California Supreme Court Ruling Continues Litigation Exposure for Employers

The California Supreme Court ruled this week that employees may take nonindividual claims to court even if a valid arbitration agreement requires their own claims to be arbitrated.

The state high court’s ruling in Adolph v. Uber Technologies, Inc. (No. S274671 (July 17, 2023)) keeps the door open for plaintiffs whose individual claims must be arbitrated to pursue nonindividual (representative) claims in court under the 2004 Private Attorneys General Act (PAGA).

PAGA authorizes “an aggrieved employee” to bring a civil action against an employer on behalf of themselves and other current or former employees, acting as a proxy or agent of the state.

“The ruling means employers may face more litigation costs because employees still can pursue PAGA claims in court, even if a valid arbitration agreement is in place,” said Bianca Saad, CalChamber vice president of labor and employment. “It highlights the need for PAGA reform.”

The California Supreme Court decision in Adolph is a departure from last year’s U.S. Supreme Court decision in Viking River Cruises v. Moriana and severely limits the impact of the latter.

The U.S. high court said in Viking that the Federal Arbitration Act (FAA) preempts California Supreme Court case law that precluded dividing PAGA actions into individual and non-individual claims through an arbitration agreement. That meant an employee who entered into a valid arbitration agreement, under which the employee agreed to forgo a PAGA action in favor of arbitration, could be compelled to arbitrate their individual PAGA claims instead of taking their PAGA claims straight to court as they have done over the past several years.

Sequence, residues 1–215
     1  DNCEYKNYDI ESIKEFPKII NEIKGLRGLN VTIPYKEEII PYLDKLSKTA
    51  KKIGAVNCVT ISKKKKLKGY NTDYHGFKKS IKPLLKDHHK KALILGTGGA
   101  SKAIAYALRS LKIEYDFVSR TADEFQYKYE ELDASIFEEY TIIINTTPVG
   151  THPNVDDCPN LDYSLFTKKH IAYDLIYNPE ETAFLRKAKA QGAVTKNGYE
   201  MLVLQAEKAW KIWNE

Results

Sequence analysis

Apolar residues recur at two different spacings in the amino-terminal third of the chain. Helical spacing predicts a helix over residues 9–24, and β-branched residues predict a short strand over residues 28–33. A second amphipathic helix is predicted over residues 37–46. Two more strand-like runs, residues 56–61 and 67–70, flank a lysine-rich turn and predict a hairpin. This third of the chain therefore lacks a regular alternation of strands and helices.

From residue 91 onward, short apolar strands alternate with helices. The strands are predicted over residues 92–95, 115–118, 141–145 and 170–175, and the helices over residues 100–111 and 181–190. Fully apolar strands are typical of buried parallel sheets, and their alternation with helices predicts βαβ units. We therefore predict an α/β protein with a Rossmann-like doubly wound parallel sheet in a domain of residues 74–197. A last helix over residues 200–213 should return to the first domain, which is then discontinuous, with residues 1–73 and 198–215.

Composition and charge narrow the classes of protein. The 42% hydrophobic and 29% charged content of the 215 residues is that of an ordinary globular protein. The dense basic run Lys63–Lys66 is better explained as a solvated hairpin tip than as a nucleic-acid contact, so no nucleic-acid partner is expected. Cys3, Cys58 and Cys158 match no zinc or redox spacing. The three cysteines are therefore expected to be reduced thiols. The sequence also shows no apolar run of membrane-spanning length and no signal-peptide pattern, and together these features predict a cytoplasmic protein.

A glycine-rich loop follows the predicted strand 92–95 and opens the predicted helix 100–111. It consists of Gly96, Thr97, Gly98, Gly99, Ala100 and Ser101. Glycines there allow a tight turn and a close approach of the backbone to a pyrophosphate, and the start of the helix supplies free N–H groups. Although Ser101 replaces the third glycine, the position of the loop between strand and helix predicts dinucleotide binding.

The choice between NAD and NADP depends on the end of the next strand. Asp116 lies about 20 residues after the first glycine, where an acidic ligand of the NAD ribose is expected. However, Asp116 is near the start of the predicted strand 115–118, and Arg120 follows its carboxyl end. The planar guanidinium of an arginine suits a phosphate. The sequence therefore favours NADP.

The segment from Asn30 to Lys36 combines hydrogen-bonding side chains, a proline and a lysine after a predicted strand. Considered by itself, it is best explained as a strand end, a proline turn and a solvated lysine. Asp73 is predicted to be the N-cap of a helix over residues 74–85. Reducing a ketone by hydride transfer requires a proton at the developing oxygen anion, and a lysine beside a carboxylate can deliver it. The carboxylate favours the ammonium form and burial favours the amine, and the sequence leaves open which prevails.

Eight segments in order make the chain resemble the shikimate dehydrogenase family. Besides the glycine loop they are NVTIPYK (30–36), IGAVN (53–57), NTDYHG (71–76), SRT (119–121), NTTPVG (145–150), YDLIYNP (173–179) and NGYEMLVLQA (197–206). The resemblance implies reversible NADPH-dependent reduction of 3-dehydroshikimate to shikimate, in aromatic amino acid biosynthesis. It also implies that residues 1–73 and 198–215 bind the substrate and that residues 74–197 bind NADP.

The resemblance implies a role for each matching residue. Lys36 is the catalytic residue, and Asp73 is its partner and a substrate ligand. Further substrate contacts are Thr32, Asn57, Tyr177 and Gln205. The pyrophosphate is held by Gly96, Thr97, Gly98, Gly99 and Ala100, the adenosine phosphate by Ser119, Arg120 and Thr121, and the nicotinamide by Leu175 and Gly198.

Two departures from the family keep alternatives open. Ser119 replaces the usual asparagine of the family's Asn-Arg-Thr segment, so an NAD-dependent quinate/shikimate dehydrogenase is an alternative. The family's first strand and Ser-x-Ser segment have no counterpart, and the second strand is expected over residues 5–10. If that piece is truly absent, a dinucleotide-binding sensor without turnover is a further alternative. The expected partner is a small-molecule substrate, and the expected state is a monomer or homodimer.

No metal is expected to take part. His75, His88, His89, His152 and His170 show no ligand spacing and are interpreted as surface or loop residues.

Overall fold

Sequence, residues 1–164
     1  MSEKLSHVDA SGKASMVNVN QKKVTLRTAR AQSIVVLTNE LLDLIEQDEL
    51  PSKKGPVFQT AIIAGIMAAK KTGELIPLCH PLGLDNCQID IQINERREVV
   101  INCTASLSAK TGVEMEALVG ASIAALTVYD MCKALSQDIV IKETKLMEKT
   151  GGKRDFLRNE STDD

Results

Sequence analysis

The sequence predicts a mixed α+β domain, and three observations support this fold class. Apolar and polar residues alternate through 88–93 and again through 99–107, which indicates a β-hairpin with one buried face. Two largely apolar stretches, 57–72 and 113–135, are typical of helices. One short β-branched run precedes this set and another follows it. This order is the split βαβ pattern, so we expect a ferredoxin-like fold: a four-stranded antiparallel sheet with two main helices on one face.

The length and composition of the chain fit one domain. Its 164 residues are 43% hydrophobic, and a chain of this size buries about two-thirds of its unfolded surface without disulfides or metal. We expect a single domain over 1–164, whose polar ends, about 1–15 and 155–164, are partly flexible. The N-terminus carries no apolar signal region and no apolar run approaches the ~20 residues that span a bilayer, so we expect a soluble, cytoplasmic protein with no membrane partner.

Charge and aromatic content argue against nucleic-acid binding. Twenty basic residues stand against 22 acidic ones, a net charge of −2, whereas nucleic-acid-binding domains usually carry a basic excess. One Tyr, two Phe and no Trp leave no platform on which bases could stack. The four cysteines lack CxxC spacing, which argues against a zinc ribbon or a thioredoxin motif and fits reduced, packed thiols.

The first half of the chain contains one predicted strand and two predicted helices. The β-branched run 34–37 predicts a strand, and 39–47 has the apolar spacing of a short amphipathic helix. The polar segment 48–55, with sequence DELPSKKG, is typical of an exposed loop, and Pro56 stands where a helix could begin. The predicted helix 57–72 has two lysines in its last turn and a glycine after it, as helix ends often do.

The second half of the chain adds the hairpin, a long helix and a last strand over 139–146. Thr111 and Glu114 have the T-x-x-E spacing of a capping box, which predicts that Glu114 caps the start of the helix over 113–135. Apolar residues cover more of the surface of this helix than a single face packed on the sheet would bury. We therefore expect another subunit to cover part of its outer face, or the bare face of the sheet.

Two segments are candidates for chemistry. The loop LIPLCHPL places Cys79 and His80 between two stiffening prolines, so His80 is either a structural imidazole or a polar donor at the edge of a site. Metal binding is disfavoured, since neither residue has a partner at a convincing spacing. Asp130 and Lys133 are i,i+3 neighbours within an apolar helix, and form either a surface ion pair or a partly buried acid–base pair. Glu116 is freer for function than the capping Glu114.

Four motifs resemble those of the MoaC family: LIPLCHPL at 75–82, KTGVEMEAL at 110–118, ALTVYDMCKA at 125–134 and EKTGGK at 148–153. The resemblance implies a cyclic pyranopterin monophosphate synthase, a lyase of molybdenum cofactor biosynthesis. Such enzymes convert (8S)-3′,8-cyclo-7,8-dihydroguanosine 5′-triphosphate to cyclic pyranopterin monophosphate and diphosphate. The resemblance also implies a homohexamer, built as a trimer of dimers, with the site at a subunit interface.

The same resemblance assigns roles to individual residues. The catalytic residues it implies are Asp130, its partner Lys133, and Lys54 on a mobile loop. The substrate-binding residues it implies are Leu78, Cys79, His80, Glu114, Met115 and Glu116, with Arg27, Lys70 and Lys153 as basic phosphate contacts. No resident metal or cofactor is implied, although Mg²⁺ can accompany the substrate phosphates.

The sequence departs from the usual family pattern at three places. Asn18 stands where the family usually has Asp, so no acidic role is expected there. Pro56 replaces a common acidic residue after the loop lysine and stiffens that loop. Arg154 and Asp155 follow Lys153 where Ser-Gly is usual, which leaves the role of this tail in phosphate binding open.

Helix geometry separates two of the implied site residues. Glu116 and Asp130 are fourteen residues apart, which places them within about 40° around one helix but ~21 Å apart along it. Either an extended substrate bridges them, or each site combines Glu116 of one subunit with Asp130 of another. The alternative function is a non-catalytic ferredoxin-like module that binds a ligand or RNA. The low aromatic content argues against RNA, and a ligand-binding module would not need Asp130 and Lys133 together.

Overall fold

The practical effect of this week’s Adolph decision is that the FAA and the Viking decision have no bearing on PAGA nonindividual claims. The plaintiff’s ability to now pursue civil litigation in courts will add to the time and expense of the process.

The California Chamber of Commerce and a coalition of employers are supporting a PAGA reform initiative on the 2024 ballot that will put decisions on workers’ labor claims back in the hands of the independent regulator.

For more detailed coverage of the Adolph decision, see the HRWatchdog blog post and a previous blog post about the decision’s significance.

Staff Contact: Bianca Saad